Take Ruiru 11, which was bred by researchers at the Coffee Research Foundation (CRF) and introduced in 1985 . While regarded as a singular cultivar by buyers, it “is made up of at least 66 different F1 siblings with slightly different parentage.” It’s not just one thing. (African Journal of Food Science Vol. 6(18) pp. 456-464, 26 September, 2012)
Further, as an F1 hybrid, it is the first generation from distinct parents and thus its genes are unstable. Because of this, growers aren’t able to use the seeds from their Ruiru 11 trees to plant nurseries as the genes of the offspring would be distinct from the tree they’re coming from. However, this is not known by some growers in Kenya, and has since been an issue.
Batian, too, is regarded as one cultivar offering inferior cup quality. In reality, it’s at least three distinct cultivars of different parentage featuring the best male offspring of the Ruiru 11 trees and an SL28. According to Tim they are, specifically:
- Batian 1, also known as CR8, is a 5th generation advanced selection that was originally a hybrid of: SL28 x [(SL34 × Rume Sudan) Hibrido De Timor]
- Batian 2, also known as CR22. is a 5th generation advanced selection that was originally a hybrid of: SL28 × [(N39 × Hibrido De Timor) (SL-4 × Rume Sudan)]
- Batian 3, also known as CR30, is is a 5th generation advanced selection that was originally a hybrid of: SL28× [(K7 × Rume Sudan) (SL-34 × Hibrido De Timor)]
And though unlike Ruiru 11, Batian is considered genetically stable and offspring can be produced from seed, each individual type presents differently in the cup.
In other words: when we’re dealing with a hybrid, maybe there’s more to it than a name. Maybe it’s not just that Castillo is equal to Caturra, as CRS data shows, but that it depends on which subtype we’re evaluating because, like Batian and Ruiru 11, Castillo isn’t just one cultivar: it’s a series of cultivars with a divergent set of quality attributes.
[Aside: In my super humble opinion the decline in cup quality from Kenya seen over the last few years—often attributed to the presence of Batian or Ruiru 11 (Roast Magazine Mar/Apr 2021 page 89)—is actually a result of changes to processing protocols in recent years, such as abandoning a post-wash soak often colloquially referred to as “secondary fermentation” as well as changing drying protocols. Many of the “traditional” methods of processing in Kenya were a result of a need to handle more coffee than factories were built for. The second soak before drying was a way to hold coffee post-fermentation for longer in order to gain enough room on the patios or beds for drying. By holding it under water, spoilage was decreased—but also in a way that changed the flavor profile by favoring acetobacter activity in the highly-acidic, alcoholic interstitial liquid around each seed but diluting the resulting metabolites and distributing it uniformly into the seeds. Similarly, the “drying pens” where coffee was moved from patios after reaching ~16% moisture to make room for freshly-soaked, very-wet coffee are no longer necessary as there is sufficient capacity—but those pens gave coffee a chance to stabilize before further drying. Both of these practices, from what I’ve observed across Kenya, have been largely abandoned or abridged—to the detriment of quality—as exploding development around Nairobi and the continued demand for real estate and tea have reduced coffee production nationally]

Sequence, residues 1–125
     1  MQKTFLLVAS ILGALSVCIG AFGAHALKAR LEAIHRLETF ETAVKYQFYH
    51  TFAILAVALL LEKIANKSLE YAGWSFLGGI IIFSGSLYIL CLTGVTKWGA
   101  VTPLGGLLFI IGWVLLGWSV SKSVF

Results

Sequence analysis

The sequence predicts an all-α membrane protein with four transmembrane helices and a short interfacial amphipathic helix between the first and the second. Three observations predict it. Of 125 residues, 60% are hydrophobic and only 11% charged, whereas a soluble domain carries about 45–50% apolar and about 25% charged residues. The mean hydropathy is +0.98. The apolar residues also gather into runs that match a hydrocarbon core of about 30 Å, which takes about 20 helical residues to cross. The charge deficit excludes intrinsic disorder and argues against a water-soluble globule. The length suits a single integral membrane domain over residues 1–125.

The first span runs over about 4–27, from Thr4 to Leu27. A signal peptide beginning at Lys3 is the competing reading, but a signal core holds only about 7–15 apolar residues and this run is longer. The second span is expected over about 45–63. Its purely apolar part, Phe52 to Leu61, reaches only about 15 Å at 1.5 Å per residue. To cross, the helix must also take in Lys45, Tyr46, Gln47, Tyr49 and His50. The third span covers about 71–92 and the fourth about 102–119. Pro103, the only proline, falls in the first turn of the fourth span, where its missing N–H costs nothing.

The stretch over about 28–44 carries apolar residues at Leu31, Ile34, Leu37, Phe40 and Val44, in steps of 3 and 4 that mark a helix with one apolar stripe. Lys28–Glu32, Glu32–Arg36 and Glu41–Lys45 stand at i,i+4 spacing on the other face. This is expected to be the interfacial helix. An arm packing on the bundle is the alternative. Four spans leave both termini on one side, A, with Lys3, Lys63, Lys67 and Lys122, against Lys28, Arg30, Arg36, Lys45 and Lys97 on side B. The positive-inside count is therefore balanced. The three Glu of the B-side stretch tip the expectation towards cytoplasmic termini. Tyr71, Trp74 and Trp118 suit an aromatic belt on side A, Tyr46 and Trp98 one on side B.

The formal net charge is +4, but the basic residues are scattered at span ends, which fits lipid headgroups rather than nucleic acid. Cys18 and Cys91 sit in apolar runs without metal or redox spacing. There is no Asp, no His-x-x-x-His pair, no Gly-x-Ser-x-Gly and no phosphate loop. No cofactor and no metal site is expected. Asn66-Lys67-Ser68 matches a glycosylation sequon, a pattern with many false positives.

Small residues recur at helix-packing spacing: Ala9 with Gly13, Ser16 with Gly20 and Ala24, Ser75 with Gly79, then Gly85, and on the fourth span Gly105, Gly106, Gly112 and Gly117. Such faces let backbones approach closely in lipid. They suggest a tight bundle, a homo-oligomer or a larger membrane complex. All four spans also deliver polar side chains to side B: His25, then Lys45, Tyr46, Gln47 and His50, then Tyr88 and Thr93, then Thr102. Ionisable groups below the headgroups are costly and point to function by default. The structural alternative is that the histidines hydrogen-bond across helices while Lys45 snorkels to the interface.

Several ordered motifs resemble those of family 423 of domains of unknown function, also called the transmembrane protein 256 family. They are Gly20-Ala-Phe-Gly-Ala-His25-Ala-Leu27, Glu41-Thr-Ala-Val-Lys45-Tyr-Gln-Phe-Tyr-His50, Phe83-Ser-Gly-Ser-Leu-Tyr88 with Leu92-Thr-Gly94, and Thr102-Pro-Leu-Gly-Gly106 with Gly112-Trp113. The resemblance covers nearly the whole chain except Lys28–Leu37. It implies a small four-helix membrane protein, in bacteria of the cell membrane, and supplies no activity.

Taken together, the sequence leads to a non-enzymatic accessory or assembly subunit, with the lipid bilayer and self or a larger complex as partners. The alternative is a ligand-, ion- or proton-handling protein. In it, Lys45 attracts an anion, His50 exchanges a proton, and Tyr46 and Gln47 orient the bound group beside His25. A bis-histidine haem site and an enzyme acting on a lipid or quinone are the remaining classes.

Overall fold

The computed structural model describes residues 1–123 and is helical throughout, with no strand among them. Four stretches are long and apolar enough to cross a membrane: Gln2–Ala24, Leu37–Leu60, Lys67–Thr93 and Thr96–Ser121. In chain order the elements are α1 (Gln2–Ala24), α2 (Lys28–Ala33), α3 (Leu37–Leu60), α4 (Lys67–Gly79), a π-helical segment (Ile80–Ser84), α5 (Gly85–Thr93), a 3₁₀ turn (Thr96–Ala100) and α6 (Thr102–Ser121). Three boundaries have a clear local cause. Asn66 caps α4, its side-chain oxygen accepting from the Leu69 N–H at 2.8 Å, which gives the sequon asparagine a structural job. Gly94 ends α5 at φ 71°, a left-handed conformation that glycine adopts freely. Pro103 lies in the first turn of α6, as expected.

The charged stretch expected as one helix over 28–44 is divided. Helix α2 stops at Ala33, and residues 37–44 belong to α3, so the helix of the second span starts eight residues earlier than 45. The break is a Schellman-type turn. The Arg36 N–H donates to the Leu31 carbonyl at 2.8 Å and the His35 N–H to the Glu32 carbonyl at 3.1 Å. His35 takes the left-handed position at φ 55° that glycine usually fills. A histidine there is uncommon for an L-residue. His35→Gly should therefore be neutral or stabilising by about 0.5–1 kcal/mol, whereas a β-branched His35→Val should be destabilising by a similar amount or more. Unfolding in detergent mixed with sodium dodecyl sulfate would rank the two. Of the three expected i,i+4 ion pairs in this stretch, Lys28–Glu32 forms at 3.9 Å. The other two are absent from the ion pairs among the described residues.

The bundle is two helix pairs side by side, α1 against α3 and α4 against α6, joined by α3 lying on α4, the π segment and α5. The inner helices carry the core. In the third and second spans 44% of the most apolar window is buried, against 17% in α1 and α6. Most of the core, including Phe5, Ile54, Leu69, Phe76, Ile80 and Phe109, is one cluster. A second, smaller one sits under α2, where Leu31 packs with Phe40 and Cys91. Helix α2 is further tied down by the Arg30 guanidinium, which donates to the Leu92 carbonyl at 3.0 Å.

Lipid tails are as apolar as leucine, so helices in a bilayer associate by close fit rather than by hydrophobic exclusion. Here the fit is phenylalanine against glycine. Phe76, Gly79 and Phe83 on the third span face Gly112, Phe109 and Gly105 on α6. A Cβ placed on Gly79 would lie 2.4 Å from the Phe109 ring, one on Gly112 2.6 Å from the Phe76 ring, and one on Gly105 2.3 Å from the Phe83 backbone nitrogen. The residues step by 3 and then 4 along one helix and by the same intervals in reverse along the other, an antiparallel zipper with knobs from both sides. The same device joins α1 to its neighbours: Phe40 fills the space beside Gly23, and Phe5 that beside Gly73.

The cultivar we call “Castillo” could be one of seven different distinct cultivars which have been bred from Caturra and Timor but with different variations to give each adaptability to particular climates around the country.
If parsed further, would CRS data show differences in cupping scores between Castillo la Trinidad (adapted to Tolima), or El Rosario (Antioquia), or Paraguaicito (Quindio)? Or Castillo Naranjal, Pueblo Bello, Santa Barbara or El Tambo?
What if not all Castillo are created equal?
Unfortunately, the cupping sheet I have is still blinded—but perhaps Michael or someone else is willing to give me a key to extract a bit more granularity from this data. [The summary sheet from that cupping in 2014 is available here.]